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Behavioral Responses to Urban Environments of Food-caching Mountain Chickadees
Weissgerber, Emily 2016 Behavioral Responses to Urban Environments of Food-caching Mountain Chickadees.pdf
AuthorWeissgerber, Emily A.
AdvisorPravosudov, Vladimir V.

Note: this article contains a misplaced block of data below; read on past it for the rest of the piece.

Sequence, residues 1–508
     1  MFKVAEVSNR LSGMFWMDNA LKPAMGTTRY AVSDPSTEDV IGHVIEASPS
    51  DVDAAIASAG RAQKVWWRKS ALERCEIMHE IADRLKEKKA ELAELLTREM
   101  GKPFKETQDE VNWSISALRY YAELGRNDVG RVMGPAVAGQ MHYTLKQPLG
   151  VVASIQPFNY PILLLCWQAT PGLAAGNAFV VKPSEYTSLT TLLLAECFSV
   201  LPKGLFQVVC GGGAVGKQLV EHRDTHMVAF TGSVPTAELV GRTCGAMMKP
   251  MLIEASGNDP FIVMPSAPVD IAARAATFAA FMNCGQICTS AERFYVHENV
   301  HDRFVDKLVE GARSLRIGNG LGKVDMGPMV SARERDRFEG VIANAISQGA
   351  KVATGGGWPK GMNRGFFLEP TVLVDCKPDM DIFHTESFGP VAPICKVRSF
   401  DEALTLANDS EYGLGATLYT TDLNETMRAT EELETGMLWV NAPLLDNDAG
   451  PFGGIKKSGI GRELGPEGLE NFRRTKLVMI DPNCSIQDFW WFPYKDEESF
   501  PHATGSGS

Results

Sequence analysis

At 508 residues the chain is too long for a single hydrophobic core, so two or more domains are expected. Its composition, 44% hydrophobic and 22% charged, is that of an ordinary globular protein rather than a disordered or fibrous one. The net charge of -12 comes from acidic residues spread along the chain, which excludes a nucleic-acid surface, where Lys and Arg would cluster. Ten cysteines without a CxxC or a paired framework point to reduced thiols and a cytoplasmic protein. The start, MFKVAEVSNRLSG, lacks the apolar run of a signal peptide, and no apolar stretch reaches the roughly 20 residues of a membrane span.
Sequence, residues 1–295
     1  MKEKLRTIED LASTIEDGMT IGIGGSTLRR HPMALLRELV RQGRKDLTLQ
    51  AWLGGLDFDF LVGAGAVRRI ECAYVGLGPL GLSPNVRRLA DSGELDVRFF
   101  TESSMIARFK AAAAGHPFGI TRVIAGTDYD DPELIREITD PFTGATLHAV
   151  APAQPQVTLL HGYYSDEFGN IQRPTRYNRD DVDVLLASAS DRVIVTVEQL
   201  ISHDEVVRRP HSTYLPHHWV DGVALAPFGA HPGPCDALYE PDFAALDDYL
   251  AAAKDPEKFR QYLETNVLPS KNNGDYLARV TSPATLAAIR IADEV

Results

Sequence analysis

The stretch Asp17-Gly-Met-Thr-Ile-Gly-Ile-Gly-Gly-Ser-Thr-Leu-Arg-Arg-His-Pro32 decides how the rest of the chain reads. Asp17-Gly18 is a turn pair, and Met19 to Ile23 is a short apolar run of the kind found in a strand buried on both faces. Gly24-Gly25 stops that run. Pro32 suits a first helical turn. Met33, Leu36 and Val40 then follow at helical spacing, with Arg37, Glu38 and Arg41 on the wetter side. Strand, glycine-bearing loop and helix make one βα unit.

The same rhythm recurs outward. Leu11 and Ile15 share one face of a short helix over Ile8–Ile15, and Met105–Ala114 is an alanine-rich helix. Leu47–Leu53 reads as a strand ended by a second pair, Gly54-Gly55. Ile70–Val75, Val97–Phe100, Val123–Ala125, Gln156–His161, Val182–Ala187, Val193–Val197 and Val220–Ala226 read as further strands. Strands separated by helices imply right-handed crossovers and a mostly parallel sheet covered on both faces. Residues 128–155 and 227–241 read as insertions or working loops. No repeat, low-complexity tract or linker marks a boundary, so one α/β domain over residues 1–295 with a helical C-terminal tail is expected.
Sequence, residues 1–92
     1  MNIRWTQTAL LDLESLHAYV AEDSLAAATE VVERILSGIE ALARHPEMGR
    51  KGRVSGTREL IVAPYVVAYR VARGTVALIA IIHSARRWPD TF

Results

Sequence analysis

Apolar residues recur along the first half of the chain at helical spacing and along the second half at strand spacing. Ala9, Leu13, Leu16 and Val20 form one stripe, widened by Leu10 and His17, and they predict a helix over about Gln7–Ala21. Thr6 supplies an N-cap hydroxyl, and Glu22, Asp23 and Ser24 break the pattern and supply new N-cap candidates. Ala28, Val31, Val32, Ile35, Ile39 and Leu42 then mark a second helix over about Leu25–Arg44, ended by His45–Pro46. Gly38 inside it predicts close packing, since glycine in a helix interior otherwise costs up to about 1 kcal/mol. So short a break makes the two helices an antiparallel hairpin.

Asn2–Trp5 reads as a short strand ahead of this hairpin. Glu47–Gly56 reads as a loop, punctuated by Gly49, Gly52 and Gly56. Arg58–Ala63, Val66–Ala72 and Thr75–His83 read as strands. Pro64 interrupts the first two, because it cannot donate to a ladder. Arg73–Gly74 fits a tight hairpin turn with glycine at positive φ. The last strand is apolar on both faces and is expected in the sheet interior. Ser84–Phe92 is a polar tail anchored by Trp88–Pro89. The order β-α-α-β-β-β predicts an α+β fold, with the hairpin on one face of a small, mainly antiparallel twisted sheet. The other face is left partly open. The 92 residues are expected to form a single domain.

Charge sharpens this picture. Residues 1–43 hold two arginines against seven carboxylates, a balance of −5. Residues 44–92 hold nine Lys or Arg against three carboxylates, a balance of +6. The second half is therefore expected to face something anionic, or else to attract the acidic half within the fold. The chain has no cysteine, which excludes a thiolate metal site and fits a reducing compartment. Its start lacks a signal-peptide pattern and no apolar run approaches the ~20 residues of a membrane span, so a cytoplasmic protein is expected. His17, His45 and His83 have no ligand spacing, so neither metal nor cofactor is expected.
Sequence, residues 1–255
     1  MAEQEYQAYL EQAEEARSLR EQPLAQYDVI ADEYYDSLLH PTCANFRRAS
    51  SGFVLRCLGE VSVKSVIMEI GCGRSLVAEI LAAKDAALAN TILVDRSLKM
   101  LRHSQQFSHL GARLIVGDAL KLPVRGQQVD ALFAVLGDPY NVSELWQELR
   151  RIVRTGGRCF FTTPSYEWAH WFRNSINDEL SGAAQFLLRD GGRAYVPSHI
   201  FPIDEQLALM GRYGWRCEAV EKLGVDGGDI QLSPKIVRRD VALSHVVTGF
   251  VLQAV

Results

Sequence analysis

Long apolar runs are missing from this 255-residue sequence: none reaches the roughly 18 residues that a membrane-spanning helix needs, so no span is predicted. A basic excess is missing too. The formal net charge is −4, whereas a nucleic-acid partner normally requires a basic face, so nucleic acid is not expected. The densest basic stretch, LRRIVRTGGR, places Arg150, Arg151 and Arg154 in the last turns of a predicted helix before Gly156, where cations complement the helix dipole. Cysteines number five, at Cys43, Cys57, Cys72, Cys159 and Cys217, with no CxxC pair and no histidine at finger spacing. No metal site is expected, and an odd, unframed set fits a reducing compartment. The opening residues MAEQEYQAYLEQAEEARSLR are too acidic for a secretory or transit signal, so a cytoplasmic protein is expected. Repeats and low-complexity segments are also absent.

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As anthropogenic centers continue to expand, it becomes increasingly important to understand the traits associated with successful urban invading species. Previous research has focused on exploratory behavior, neophobia, and problem solving abilities as traits that are associated with urban invaders. Here, I focused on the mountain chickadee, Poecile gambeli, a resident species that relies on cached food to survive the winter. Chickadees have populated the Reno, NV area from surrounding forest populations and therefore provide an opportunity to study what traits are associated with a specialized caching species successfully inhabiting urban environments. I compared forest and urban chickadees in exploratory behavior, neophobia in a feeding context, problem solving ability, food-caching rates, short-term spatial memory and long-term spatial memory. Urban chickadees explored more substrates in a novel environment and were more active overall than forest birds. Response to novelty was similar between urban and forest chickadees, while urban chickadees solved a novel problem faster than their forest counterparts. Urban and forest chickadees cached similar amounts, performed similarly on a one-trial associative spatial learning task and on a repeated trials associative spatial learning task, but urban chickadees were able to recall cache locations better after a long term retention interval pointing toward better memory retention. These results suggest that there are differences that may be associated with urban and forest populations of chickadees, though it remains unclear what suite of traits makes an ideal invader and whether these traits are adaptive for life in urban conditions.